Hot Bots: How Arduino Teaches Kids the Science behind Modern Gizmos

Scientific American

Guest post by Michael R. Duffey

There is a wide variety of creative projects which can help introduce children to the world of microcontrollers. A microcontroller is simply a small computer that can interact with the outside world. It can connect different types of “inputs” (such as sensing a motion, force, or temperature change) to “outputs” (turn on a light, start a motor, make a sound). Microcontrollers are not just the brains of robots, in the rather quaint way that most of us still think of walking/talking robotic creatures. Microcontrollers are embedded everywhere in household appliances, cars, and children’s toys. When your child squeezes a battery powered doll to make it talk? Microcontroller. When you make coffee in that fancy new coffee maker or control the temperature on your new household thermostat? Microcontroller. With some simple projects, children can take a first step toward understanding the basic hardware and software concepts that underlie so much of the technology they encounter in their daily lives. For parents who find modern gizmos mysterious (and, let’s face it, sometimes intimidating!) these introductory projects can be insightful as well.

There are several children’s toy-building environments that utilize programmable microcontrollers (such as Lego Mindstorms or Fischertechnik). There are also do-it-yourself microcontroller systems used for years by hobbyists and tech-savvy kids (such as the BASIC Stamp kits available at Radio Shack stores).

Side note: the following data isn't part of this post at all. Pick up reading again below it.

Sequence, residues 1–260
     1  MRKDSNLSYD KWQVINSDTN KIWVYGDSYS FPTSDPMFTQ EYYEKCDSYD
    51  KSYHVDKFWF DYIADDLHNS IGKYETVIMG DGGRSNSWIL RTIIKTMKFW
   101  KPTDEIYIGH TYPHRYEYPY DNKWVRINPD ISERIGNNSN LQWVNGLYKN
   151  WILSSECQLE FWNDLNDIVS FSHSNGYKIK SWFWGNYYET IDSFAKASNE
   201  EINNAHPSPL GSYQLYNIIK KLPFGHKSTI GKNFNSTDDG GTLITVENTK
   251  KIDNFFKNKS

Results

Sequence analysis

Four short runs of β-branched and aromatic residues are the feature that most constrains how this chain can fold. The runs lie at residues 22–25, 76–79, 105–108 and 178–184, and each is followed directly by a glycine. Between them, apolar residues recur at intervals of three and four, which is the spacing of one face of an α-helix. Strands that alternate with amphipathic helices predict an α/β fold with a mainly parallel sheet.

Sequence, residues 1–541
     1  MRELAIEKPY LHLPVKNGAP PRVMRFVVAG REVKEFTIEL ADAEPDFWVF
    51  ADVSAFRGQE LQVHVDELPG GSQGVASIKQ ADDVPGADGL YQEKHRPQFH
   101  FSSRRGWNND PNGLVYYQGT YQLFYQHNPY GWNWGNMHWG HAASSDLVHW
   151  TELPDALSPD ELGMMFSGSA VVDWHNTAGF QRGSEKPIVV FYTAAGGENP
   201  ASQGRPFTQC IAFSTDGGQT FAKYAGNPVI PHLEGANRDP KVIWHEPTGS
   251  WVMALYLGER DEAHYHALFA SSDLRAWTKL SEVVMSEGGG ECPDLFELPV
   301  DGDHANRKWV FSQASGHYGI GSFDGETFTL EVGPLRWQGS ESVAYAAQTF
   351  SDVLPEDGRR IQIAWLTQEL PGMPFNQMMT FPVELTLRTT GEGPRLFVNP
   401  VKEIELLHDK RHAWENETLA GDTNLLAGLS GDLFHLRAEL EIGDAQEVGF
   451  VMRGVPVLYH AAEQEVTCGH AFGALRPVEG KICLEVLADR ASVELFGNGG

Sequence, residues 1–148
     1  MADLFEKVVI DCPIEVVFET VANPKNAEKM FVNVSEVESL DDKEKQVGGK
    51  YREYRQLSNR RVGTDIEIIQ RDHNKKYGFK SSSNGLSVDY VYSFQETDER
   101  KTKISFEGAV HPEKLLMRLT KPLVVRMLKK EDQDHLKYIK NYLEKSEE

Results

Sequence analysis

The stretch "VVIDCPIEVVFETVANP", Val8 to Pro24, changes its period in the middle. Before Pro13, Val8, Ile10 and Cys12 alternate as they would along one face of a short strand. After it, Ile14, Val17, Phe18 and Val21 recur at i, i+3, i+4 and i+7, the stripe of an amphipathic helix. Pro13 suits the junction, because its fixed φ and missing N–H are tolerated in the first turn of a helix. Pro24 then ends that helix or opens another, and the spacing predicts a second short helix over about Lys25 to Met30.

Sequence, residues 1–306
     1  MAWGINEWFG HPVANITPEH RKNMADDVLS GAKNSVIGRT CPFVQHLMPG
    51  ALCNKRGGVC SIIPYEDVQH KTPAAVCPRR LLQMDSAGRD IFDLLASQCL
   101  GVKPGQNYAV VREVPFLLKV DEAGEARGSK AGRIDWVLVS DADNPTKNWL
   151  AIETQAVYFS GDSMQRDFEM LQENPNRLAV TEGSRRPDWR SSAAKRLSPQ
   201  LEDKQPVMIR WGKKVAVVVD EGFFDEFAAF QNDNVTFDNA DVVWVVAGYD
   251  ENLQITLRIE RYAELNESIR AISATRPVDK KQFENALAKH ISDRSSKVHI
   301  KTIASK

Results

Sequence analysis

But the type of microcontroller that is gaining favor rapidly for creative older children’s projects is known as an “arduino.” An arduino microcontroller is based on an “open source” (non-commercial, publicly-licensed) design, and many small companies have sprung up recently to fabricate arduinos and related step-by-step project kits and accessories. Free software for programming arduinos is available for most laptop computers, which then connect to the arduino to download programs. The “Make” community (organizer of the wildly popular “Maker Faire” events, and the online Makezine) has embraced arduinos, and their web page is probably as good a place to start as any (blog.makezine.com/arduino). For girls who might appreciate a very cool, geeky female role model in this traditionally male domain, check out Lady Ada. Lady Ada (a/k/a Limor Fried) is a recent MIT masters graduate who started her own company selling arduino-related kits with easy-to-follow online instructions.

The first introductory project everyone does with an arduino is called “Blink.” There are step-by-step instructions for Blink from many different online sources. It involves programming a microcontroller to simply blink an LED (light emitting diode) on and off. The book Getting Started with Arduino is a good entry point. Starting with the Blink example, one can incrementally move up to more complex projects with small motors, lights and various types of sensors. The book and accompanying beginner s kits are available from many sources such as Sparkfun. Blinking jewelry and clothing, talking teddy bears, halloween robot monsters ..you’ll find all sorts of creative applications via Make and other websites, including help forums and step-by-step youtube videos. Be forewarned, however, that tinkering with arduinos takes patience as you learn to navigate thru the minor troubleshooting issues that arise. Like much of engineering, there’s nothing terribly forbidding here as long as you tackle the little problems incrementally and cultivate your own innate common sense. Just the right type of challenge for the budding engineer!

IMAGES: Top: Hexy the hexapod, from Arcbotics. Bottom: ”First Arduino Project,” by Road Fun, via Flickr

Michael R. Duffey is associate professor of engineering management and systems engineering at the School of Engineering and Applied Sciences (SEAS), George Washington University. Duffey is interested in how physical engineering systems are economically designed, built, and operated. Along with many other SEAS faculty, he is working on new ways to attract young people to engineering and related curriculum in SEAS undergraduate programs.

 

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